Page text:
Just intonation, also called just tuning, is the musical tuning system in which intervals correspond exactly to whole number ratios in the harmonic series. Intervals in just tuning are called just intervals. Because just intervals are the intervals that naturally occur in the harmonic series, they provide a reference point to compare intervals to, to measure the degree to which intervals in a scale match the natural harmonics. One could accurately say that just intervals are perfectly in-tune.
In just intonation, it is not possible to return to the same note via a cycle or circle of the same interval.
Intervals in just intonation are notated by ratios, and are also given names. For example, 3:2 is a perfect fifth, meaning that this interval is the difference between the third and second harmonics. It is a convention that the larger number is usually listed first. These names sometimes correspond to the intervals in various equally tempered tuning systems, but in many cases, the just intervals are given more specific names. For example, 12-ET has only one tritone, whereas in just intonation, there are countless tritones, including the septimal tritones (7:5 and 10:7) and undecimal tritones (11:8 and 16:11).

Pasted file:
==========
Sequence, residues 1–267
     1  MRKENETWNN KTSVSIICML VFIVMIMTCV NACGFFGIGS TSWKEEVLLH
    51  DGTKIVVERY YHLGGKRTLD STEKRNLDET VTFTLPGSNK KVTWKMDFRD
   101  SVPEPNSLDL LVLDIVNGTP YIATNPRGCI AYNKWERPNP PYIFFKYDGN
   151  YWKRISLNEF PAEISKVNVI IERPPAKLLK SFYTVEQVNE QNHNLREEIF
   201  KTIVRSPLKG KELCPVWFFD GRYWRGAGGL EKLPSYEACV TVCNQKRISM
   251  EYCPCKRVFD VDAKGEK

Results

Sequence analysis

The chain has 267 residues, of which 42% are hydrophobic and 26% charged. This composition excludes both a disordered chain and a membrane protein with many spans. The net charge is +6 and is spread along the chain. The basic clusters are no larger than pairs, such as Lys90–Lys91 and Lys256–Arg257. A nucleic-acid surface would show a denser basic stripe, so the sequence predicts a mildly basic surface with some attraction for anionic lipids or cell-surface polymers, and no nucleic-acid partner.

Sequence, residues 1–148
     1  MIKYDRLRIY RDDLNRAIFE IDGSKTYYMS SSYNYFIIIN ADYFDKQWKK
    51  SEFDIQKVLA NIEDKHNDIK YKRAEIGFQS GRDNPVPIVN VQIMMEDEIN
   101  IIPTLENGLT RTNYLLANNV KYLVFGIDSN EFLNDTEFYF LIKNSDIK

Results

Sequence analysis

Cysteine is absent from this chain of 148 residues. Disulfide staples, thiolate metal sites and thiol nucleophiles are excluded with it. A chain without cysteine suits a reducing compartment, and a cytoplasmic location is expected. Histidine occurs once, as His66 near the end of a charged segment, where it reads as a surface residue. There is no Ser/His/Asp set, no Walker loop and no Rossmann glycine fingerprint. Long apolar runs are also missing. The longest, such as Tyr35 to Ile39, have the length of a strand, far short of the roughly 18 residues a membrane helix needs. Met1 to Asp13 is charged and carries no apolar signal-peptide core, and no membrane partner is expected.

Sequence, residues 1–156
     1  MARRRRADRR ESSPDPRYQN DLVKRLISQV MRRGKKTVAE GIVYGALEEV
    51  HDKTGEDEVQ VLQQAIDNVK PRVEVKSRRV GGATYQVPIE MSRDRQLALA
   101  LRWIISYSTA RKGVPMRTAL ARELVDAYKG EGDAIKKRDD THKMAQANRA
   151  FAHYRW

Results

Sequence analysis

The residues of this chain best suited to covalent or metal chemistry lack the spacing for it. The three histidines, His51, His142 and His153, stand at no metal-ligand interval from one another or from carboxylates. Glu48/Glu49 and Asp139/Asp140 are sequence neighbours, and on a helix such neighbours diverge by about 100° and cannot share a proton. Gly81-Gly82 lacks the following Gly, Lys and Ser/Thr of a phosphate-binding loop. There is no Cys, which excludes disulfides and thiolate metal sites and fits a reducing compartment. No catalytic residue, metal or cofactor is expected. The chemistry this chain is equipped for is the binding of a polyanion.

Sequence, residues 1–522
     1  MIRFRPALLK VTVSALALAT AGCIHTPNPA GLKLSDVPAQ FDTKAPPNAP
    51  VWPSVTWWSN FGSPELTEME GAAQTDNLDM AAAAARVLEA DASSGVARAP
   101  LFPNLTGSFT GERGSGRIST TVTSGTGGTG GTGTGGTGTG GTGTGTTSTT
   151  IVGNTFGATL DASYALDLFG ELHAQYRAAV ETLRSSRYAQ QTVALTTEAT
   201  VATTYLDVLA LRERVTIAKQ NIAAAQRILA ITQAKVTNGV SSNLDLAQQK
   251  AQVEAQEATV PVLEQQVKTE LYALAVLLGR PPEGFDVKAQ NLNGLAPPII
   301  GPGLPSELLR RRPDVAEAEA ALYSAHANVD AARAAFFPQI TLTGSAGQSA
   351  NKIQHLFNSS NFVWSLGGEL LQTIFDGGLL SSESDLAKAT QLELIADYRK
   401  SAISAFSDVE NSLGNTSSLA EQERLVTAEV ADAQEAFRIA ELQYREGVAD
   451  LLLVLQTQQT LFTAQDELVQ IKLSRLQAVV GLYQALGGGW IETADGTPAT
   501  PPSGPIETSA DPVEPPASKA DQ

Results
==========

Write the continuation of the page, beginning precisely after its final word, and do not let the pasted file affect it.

All of the intervals in 31-ET have their counterparts in just intonation. None of the intervals in 31-ET correspond exactly to the just intervals, but some are very close, whereas others are farther. With the exception of the whole tone and the semi-diminished fourth, the intervals in 31-ET correspond uniquely to just intervals. Because 31-ET is a meantone tuning, the whole tone is intermediate in size (close to halfway) between the major tone (9:8) and the minor tone (10:9).